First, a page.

On the other hand, most programs use standard widgets. text fields, list views, buttons, which would be relativly easy to draw on a different output device. but even here optical customisations would fall under the table. on a TUI the layout would change because of the coarse grid and even because of the line-lengths of monospace vs. proportional text
So, there has to be an element of graceful degradation. there are widgets (ui-elements, entities, whatever we call them in the end) that translate semanticly, but loose their styling, there are widgets that dont translate at all... i think, this would look a lot like css in the end (maybe simpler and without the cruft...). which wouldn't be the worst thing, considering websites scale from mobile to desktop and even to text browsers and screen readers
to me it ticks some very interesting boxes: It seems to leverage decent existing libraries (e.g. webrender for rendering, yoga for layout, etc), provides a declarative way to design the UI and separate state from rendering, and it has support for multiple backends.
very early goings of course, but I’d definitely recommend you take a look at what’s going on there.
i didn't onw RSX. it looks interesting
(btw, sorry for being so unresponsive the last few days after starting this gitter... i'm finalizing a thesis at the moment, it should get better in a few days ;) )
honestly the idea of multiple frontends feels like a distraction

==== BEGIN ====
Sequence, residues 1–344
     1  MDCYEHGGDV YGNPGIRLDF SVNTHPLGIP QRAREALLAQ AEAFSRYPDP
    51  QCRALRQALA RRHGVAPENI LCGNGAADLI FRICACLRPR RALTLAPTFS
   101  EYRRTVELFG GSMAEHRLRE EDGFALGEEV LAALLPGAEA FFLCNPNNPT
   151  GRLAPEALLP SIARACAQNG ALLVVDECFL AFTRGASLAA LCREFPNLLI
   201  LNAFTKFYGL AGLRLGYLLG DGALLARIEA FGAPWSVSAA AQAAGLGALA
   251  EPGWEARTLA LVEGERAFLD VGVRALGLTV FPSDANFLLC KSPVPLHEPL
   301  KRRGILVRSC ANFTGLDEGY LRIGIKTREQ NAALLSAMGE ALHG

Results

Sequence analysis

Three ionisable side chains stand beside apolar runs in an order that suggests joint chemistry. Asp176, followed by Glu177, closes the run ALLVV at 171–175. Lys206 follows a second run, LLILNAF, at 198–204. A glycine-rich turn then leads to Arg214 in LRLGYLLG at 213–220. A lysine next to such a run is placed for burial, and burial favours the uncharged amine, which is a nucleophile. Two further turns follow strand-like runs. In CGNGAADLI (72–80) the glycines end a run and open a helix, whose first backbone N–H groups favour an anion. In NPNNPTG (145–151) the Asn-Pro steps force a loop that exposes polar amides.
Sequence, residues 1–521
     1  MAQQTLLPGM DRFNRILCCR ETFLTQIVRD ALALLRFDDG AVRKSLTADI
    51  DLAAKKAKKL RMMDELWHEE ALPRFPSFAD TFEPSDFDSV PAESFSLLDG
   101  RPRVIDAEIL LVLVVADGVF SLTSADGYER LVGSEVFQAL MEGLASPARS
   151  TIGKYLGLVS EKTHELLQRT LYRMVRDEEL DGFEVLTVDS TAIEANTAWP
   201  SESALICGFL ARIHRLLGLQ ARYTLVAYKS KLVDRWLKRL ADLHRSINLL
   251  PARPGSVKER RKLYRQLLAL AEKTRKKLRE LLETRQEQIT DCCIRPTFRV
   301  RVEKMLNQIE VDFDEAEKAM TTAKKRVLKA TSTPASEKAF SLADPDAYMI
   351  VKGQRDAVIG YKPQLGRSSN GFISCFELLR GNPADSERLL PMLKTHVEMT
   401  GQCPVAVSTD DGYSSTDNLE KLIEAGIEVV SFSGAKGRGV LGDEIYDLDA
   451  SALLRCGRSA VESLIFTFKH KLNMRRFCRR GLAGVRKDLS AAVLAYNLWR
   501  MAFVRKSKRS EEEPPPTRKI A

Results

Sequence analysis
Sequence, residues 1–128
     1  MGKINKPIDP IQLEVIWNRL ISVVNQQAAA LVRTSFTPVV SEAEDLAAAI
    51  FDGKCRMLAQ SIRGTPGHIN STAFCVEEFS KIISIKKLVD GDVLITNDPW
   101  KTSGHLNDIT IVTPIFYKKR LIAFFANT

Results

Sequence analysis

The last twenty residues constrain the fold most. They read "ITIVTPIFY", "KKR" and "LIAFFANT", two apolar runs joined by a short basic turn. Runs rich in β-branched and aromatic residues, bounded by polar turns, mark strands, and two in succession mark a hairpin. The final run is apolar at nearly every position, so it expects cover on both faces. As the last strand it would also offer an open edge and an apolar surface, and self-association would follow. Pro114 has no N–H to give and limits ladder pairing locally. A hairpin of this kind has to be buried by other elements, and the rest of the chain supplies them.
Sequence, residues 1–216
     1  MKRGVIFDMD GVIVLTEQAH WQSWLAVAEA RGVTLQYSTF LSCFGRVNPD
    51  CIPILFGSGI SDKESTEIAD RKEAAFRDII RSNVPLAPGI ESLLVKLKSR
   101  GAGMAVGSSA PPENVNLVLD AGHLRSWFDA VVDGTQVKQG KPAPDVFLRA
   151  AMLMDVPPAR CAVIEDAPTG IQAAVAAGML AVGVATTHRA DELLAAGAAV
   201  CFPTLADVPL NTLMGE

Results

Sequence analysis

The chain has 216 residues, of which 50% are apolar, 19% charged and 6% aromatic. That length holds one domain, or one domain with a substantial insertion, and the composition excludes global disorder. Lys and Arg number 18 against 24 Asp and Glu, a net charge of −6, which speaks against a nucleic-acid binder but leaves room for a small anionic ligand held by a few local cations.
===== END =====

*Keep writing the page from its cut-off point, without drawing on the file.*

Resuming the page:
we should probably have a state management paradigm that makes it straightforward to use the same app state across frontends, but that's probably the extent of what we should try to do
I'm starting to wonder if there are two GUI libs
one of them is a very universal look-and-feel for all platforms. It's able to handle multiple resolutions easily, as well as different form factors
the other tries as much as possible to use the native look-and-feel. It has different frontends that can support a fairly universal programming model, though no doubt the users do have to do a bit more work. We could probably help testing these apps
yes, fair enough regarding the multiple frontends. having a one-size-fits-all approach to UI development always leads to tradeoffs and you may get more of them once you try to support multiple paradigms. having said that, tools like QML are handling embedded, mobile and desktop use-cases and they’re fairly successful in that regard.
doesn’t mean you need to design all of them upfront, certainly.
When i was doing QT for a job i was stuck with 4.xx, so i haven't actually used QML
re state management: for me this has always the main pain point when using UI libraries. for instance, if you want to have a custom TreeView in Qt you need to do a custom implementation of QAbstractTreeModel and you’re basically asked to implement methods like “give me the Nth child of this specific item”, “what’s the tooltip of this item”, “what is the parent of this item”. additionally you need to emit the right messages at the right time, so that all UI components understand when an item has been inserted in a specific position. this is surprisingly tricky to get right, and Qt even ships a “ModelTester” class that you can use to unit test your custom model. I wrote a custom TreeModel at one point that worked in a “React”-style approach using diffs between previous and current state, and would emit the appropriate events based on that, but this was of course relatively slow for large trees.
so for a good state management crate you’d probably have to start with persistent data structures (like trees), that understand the concept of “previous state” and “current state”.
if you have that working, undo/redo also flows naturally from that, without having to write tons of custom undo/redo command implementations.